Album Review: In Mourning – Garden of Storms

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Band: In Mourning | Album: Garden of Storms | Genre: Melodic death metal, Progressive metal | Year: 2019

From: Falun, Sweden | Label: Agonia Regords

For fans of: Edge of Sanity, Opeth, Agalloch

Buy: Bandcamp | Amazon | Apple Music

In Mourning are a Swedish metal band who play in a style very similar to that of their fellow countrymen, Opeth; but they’re distinct enough to avoid the label of “Opeth clone,” something for which the current prog-metal scene does not want. Opeth’s classic material is some of the best progressive metal ever recorded, and there’s been a yawning, Opeth-shaped hole in the scene ever since they switched to playing unimpressive, unimaginative retro-prog.

In Mourning have been around for nearly two decades, giving them plenty of time to develop their own unique flourishes within the framework of progressive melodic death metal. Garden of Storms is their fifth full-length release and a noticeable step up in quality over 2016’s Afterglow. The songwriting is strong, and there is a smart degree of interplay between distorted and clean sections. Continue reading “Album Review: In Mourning – Garden of Storms”

Album Review: Halcyon Reign – The Voyage

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Band: Halcyon Reign | Album: The Voyage | Genre: Progressive metal | Year: 2019

From: Sydney, Australia | Label: Independent

For fans of: Mastodon, Opeth, Dream Theater

Buy: Bandcamp | Amazon | Apple Music

Halcyon Reign are a trio hailing from Sydney that play a brand of progressive metal which borrows heavily from Mastodon’s most-acclaimed era. It’s sludgy yet melodic, complex yet accessible, and a successful album overall. However, some of the Mastodon influence can be a bit on-the-nose. The most egregious example is the album artwork. Mastodon’s Leviathan, a retelling of Moby-Dick, features striking artwork of the white whale and the Pequod. Similarly, The Voyage—while not based on Moby-Dick, as far I can tell—features a monstrous white whale charging at a ship.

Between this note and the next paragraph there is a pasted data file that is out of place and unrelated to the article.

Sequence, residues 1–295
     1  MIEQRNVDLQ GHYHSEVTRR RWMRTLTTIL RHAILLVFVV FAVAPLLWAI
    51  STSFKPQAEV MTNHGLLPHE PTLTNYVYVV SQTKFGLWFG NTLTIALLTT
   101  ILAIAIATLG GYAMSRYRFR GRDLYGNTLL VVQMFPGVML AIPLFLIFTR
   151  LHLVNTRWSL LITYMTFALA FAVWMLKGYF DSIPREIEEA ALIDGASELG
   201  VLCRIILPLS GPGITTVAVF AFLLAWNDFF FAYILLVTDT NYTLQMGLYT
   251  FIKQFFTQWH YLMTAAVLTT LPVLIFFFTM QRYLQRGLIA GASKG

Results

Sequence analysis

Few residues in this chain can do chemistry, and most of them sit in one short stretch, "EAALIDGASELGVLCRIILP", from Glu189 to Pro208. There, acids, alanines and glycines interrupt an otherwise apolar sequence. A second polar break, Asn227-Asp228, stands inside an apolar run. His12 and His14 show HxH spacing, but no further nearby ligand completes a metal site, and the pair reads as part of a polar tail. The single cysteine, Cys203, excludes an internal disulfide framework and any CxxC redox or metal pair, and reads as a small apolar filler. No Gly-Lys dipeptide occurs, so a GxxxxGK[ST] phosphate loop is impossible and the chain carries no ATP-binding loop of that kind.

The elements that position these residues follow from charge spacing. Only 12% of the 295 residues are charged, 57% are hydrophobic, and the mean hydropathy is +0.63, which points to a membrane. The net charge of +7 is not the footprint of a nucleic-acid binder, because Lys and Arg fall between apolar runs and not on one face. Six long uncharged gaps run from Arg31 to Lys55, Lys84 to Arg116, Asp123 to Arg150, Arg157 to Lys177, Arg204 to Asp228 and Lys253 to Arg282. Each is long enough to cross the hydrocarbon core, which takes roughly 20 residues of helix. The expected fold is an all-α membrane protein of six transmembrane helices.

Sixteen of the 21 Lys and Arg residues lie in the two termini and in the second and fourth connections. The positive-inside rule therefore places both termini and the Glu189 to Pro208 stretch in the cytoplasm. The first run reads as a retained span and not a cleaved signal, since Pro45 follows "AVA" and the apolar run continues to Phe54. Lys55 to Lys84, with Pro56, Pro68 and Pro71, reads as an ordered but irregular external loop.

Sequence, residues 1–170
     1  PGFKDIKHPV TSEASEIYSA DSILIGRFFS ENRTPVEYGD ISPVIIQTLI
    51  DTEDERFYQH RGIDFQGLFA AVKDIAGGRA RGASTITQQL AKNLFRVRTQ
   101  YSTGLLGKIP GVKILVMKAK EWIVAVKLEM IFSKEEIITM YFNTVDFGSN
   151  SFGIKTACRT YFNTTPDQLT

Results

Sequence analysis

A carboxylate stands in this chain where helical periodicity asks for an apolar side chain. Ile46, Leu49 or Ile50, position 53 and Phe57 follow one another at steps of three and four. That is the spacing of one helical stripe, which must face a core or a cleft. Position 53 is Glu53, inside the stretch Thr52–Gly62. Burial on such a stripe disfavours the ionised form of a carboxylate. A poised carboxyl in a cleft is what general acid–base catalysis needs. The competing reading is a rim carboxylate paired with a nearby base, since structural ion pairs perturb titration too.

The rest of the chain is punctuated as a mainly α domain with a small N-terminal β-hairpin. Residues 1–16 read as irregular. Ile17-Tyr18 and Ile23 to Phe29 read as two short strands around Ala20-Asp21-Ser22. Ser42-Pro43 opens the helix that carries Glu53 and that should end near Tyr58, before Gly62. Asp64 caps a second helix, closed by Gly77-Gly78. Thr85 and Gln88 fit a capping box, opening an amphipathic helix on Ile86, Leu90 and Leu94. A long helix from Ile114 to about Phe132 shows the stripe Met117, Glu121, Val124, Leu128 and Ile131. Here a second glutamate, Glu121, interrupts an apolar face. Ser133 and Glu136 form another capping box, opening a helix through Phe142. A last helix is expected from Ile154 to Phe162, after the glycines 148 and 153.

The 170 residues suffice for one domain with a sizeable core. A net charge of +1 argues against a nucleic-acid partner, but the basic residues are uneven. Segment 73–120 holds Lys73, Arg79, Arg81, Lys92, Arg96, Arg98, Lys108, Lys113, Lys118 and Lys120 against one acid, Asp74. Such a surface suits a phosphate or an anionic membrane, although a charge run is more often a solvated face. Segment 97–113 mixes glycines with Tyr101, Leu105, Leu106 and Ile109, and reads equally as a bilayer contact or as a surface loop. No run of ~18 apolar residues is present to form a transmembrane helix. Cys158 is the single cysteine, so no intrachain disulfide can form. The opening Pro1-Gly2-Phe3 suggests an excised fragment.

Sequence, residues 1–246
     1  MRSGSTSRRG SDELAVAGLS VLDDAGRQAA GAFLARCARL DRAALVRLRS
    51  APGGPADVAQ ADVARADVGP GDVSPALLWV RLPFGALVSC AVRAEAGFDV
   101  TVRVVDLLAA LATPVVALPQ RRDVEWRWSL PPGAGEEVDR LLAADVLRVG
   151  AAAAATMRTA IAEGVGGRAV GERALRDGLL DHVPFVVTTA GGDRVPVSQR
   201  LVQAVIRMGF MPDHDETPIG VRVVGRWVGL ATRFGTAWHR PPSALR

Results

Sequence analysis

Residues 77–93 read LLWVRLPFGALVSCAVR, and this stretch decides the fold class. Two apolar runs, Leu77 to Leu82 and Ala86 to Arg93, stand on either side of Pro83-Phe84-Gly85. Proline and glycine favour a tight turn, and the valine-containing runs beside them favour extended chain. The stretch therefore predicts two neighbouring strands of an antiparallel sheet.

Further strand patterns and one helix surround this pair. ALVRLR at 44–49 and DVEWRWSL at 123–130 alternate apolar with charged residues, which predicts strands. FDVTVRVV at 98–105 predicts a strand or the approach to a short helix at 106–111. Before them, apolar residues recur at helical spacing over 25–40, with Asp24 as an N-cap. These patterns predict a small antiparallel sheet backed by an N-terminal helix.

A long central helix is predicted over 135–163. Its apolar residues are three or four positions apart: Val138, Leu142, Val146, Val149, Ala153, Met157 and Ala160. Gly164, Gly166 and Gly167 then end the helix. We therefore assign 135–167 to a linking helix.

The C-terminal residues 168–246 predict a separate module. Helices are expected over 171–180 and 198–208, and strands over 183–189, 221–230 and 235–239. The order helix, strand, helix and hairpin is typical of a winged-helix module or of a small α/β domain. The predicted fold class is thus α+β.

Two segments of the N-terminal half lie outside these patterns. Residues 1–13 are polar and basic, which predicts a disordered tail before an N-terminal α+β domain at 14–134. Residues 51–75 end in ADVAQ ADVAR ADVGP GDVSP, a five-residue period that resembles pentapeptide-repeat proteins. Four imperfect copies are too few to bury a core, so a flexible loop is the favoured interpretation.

Moving past the artwork, though, The Voyage stands on its own as a strong, enjoyable album. Many riffs are rooted in sludge metal, but the band incorporate other influences, including jazz and folk, to create smart contrasts and interesting textures. Continue reading “Album Review: Halcyon Reign – The Voyage”

Album Review: Garcia Peoples – One Step Behind

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Band: Garcia Peoples | Album: One Step Behind | Genre: Psychedelic rock, Progressive rock, Krautrock | Year: 2019

From: Rutherford, (NJ,) USA | Label: Beyond Beyond Is Beyond

For fans of: The Grateful Dead, Gong, The Moody Blues

Buy: Bandcamp | Amazon | Apple Music

Garcia Peoples’ 2018 debut album, Cosmic Cash, easily made my personal top 10 of last year, with its mixture of inventive song structures, psychedelic textures, and fun, loose garage rock atmosphere. Their album from March of this year, Natural Facts, while enjoyable, didn’t quite hit the same highs as their debut. It was more overtly folk-influenced, with significant touches of Americana. It seemed they were charting out a trajectory reminiscent of the Grateful Dead. With this context, this album took me by surprise.